Fred was a man who came before t-shirts. After he retired, he worked on lawnmowers for his neighbors and started to make some extra cash. He decided after a time to paint a bright sign to put in his yard. His granddaughters helped him, carefully spelling out "Lawnmower Repairs" in bold, black letters on a handmade wooden sign.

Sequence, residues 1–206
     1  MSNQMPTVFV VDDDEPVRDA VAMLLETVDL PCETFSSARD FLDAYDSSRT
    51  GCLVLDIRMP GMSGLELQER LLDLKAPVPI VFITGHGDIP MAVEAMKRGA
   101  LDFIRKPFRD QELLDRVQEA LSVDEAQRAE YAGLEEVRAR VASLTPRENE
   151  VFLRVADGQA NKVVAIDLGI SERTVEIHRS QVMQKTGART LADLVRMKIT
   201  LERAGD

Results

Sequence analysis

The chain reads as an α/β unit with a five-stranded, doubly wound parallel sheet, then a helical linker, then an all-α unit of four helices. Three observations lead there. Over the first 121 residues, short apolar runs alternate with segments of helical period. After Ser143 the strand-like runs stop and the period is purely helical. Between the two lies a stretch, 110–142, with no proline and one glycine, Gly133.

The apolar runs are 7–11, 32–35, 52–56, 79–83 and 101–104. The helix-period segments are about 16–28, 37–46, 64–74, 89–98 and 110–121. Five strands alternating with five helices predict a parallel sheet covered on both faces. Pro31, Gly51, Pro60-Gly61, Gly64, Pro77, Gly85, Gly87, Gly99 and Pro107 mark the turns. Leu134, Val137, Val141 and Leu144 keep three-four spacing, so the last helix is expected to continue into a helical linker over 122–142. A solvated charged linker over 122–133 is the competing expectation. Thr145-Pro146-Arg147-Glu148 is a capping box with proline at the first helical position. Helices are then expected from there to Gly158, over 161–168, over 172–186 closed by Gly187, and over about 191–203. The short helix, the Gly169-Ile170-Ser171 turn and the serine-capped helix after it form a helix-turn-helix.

His granddaughters liked to giggle to themselves, and he giggled, too, even though he wasn't part of their secret. When they got off the bus and scampered to his house every afternoon, he'd have two warm grilled cheese sandwiches waiting. He'd ask them how many chicken nuggets they wanted, and they'd always reply ten and eight. They would already be huddled together in the floor watching afternoon TV when he'd bring in the feast. He watched them dipping chicken nuggets into bright yellow mustard, watched wide smiles spread on their faces when they'd bite into the gooey sandwiches. He would remove his shoes, place them by the door, sit in his special chair and turn on his foot heater. With a can of watery beer by his side, he'd watch the small sisters watching TV, watch their legs kicking behind them with laughter, watch the blurry shapes and colors from the television dash behind their blonde heads, and he was happy.